(KGTV) - A new study claims Californians are dishing out extra cash due to the condition of the state's roads while supporters of an effort to repeal the gas tax slammed the study for neglecting to tell the whole truth.
The study, conducted by TRIP, claims that driving on California roadways costs motorists statewide an estimated $61 billion per year. The estimate is based on vehicle operating costs as a result of driving on rough roads, time and gas lost due to traffic, and the costs of traffic accidents.
The study claims 64 percent of San Diego’s major roads and highways are in either poor or mediocre condition.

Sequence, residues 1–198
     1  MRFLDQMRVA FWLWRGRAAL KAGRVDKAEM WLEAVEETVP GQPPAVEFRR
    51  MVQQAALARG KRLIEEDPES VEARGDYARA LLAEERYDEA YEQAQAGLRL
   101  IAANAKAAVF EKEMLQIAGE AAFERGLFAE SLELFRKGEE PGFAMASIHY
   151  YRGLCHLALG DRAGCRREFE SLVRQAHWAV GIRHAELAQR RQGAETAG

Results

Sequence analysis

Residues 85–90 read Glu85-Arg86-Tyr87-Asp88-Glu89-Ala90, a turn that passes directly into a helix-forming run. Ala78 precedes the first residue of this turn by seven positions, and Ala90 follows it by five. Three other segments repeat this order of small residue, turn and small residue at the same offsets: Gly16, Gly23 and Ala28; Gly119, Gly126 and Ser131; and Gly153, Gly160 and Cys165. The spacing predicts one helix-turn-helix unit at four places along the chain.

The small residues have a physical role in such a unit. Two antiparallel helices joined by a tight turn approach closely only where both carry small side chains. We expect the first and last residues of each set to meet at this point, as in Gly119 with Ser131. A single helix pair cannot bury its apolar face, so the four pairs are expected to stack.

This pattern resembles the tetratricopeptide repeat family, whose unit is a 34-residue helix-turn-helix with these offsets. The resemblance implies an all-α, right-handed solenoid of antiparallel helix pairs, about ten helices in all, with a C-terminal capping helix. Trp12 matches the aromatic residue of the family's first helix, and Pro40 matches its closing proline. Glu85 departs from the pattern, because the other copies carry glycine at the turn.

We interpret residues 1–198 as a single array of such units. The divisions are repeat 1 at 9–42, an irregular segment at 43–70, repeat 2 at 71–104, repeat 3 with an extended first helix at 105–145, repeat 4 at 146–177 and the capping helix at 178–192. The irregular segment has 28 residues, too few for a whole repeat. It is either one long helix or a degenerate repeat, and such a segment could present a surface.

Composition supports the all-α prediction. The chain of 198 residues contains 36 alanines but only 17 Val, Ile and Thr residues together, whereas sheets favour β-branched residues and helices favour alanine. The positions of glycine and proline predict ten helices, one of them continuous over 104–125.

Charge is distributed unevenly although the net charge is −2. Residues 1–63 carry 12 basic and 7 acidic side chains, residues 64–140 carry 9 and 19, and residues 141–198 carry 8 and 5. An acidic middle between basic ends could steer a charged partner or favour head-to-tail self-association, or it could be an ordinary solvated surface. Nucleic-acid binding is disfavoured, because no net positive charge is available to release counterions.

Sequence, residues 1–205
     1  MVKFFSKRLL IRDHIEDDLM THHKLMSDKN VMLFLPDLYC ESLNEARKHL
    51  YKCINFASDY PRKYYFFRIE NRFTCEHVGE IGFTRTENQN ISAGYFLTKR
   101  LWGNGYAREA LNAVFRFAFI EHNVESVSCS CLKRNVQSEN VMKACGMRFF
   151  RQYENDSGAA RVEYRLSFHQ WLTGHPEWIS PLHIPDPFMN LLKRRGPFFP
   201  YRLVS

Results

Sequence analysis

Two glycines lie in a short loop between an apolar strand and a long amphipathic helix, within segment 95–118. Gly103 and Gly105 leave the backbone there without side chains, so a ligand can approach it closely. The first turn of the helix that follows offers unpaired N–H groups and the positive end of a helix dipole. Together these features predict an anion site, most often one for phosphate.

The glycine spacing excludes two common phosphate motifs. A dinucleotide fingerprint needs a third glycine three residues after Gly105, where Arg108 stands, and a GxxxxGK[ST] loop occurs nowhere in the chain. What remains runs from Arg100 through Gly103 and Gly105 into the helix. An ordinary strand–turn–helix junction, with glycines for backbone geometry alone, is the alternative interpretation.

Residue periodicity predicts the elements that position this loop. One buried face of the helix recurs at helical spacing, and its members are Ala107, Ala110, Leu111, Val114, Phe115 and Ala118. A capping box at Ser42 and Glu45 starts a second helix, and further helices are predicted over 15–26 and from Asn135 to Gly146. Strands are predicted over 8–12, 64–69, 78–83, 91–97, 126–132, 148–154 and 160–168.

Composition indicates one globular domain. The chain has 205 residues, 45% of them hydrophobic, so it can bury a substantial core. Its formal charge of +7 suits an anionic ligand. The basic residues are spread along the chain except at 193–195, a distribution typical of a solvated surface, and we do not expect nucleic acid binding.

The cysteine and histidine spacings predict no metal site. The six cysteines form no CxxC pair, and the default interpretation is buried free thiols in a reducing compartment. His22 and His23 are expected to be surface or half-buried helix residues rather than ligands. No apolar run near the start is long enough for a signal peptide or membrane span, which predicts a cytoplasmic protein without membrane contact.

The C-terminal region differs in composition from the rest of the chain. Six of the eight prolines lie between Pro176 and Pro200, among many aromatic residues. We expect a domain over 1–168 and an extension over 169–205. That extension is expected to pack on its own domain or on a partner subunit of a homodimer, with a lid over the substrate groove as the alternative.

When it comes to San Diego’s bridges, the study claims 64 of them are deemed structurally deficient and in need of improvement.
Meanwhile, supporters of the gas tax repeal slammed the study as being a PR stunt by lawmakers to get more money out of California residents.
“Don’t be fooled by a PR stunt by politicians of a few projects being approved in the middle of the Gas Tax Repeal campaign. Only a fraction of the existing gas tax goes to any road projects currently with the rest stolen and wasted by politicians. We could fix all of our roads if we simply allocated 100 percent of gas tax revenues to roads, but the politicians will never do that because this has never been about fixing roads, but rather getting more of your money," said Carl DeMaio, chairman of Yes on 6, a statewide effort to repeal the tax.